Don’t Spend it All in One Place

by John W Rodat on January 8, 2015

Dennis Yusko reports in today’s Times Union that the NYS Department of Health is offering to “settle” 5,707 rate appeals with county nursing homes. Some of the appeals go back to 1995.

Specifically, what this refers to are the results, the technical methods, and facility-specific data used in calculations, by which the Department of Health determines the precise payment rate at which New York’s Medicaid program reimburses a county nursing home is subject to appeal. Along with the methods, appeals tend to be pretty technical. 

Having the cash will be nice, of course and my guess is that in most cases, they should take the deal. But before county officials get carried away with the significance of the offer, they should do the most basic arithmetic.

As Yusko points out:

Cash-strapped counties have argued for decades that the Medicaid reimbursement set by the state were far less that what it costs to provide eligible patients the necessary level of care.

Amid millions of dollars in annual red ink, several counties across the state have sold, or are working to sell, their nursing homes to private companies. 

Both statements are true – as far as they go. What Yusko’s story doesn’t say is that the cost of operating county-operated nursing homes is far greater than others in New York. That’s the primary reason they are such money losers.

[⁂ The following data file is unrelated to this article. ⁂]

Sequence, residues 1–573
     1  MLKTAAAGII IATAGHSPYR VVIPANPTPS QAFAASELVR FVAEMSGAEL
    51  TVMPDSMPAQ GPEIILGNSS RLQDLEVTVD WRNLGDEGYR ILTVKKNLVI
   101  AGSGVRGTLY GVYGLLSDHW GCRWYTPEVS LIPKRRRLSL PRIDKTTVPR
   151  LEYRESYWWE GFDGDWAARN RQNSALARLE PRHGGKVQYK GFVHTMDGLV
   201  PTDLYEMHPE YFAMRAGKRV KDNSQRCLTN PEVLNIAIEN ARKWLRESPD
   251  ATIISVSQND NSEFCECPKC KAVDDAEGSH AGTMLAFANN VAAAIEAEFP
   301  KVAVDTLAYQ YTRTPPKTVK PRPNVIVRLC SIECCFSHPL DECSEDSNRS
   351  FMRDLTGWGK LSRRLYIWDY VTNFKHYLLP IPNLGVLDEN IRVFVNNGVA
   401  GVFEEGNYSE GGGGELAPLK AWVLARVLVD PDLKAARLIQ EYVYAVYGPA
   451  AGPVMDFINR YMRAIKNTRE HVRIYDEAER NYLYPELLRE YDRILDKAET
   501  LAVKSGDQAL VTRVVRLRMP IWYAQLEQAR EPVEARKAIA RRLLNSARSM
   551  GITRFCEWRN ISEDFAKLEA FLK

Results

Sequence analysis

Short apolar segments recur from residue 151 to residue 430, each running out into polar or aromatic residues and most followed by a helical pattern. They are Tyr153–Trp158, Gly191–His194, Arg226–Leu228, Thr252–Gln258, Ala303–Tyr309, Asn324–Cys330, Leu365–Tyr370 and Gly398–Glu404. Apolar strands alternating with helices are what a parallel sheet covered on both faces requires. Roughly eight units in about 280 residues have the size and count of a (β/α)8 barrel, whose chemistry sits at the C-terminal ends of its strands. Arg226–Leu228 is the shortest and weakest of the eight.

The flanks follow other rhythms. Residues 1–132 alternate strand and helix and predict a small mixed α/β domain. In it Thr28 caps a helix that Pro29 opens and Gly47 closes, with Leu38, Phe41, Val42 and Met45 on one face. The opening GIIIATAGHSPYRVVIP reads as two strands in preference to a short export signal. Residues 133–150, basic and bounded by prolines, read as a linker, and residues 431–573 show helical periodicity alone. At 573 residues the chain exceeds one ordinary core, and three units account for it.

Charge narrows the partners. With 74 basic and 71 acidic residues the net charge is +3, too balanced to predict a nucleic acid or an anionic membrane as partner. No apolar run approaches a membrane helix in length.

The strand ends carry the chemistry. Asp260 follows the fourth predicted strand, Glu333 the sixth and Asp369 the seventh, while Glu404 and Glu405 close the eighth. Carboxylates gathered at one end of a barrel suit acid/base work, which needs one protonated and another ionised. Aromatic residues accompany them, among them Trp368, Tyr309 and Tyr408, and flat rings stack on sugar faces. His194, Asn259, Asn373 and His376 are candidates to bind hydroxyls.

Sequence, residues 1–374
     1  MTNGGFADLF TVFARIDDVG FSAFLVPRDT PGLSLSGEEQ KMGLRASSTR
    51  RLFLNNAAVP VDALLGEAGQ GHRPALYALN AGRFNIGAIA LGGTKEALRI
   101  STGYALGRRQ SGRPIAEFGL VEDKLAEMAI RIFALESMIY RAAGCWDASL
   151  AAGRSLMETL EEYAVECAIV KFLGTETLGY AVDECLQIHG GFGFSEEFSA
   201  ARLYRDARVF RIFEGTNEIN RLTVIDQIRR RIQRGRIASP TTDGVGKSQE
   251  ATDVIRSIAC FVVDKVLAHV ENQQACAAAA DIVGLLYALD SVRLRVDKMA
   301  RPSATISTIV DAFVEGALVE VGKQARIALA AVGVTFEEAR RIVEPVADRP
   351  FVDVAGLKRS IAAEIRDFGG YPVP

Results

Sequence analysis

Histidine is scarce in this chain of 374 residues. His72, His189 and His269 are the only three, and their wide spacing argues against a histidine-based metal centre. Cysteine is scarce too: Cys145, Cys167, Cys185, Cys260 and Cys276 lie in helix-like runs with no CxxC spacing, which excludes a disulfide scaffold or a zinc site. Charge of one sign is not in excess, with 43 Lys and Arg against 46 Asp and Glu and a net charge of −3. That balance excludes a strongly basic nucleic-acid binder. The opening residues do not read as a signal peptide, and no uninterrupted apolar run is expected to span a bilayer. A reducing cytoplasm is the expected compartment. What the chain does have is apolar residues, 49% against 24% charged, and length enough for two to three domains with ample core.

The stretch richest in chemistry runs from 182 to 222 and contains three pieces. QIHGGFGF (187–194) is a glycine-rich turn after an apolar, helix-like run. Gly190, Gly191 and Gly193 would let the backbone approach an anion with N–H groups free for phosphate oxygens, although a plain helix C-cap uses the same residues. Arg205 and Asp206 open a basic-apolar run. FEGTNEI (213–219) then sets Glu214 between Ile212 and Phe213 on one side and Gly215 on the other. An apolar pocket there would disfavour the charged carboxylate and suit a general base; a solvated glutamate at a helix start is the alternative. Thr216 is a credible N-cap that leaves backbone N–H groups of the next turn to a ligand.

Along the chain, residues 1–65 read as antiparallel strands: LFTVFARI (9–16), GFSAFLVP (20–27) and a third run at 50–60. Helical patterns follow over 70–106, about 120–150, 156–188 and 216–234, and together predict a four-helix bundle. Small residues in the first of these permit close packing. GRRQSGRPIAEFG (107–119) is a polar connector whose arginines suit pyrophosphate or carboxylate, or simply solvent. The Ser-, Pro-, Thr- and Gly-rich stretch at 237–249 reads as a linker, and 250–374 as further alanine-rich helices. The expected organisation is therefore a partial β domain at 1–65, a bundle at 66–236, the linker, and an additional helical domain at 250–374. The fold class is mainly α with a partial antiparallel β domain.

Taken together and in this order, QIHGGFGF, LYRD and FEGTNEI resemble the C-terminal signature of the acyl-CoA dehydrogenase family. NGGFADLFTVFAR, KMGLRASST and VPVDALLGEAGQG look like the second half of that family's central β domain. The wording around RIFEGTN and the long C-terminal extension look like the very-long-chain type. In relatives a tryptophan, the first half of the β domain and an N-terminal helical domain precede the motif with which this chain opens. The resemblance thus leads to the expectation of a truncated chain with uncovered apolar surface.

What do the numbers mean on average and what do they mean for the future? Albany County lost over $6 million last year and their own projection is that they will lose over $2.1 million in 2015. And those figures don’t include everything (e.g., health benefit costs for retired Nursing Home employees). Getting $615,000 will help offset that. But, on average, the settlement numbers annualized amount to a whopping $31,200

This is all about the past. None of it takes into account that New York has changed fundamentally how it structures management and payment for nursing home care of Medicaid clients. Already begun is movement of such clients, even nursing home clients into various forms of managed care. That’s the future. And it won’t be friendly to nursing homes generally, and certainly not to expensive county-operated nursing homes.

Don’t spend it all in one place. And certainly don’t fool yourself into thinking that you can now make a county nursing home in New York a break-even deal.

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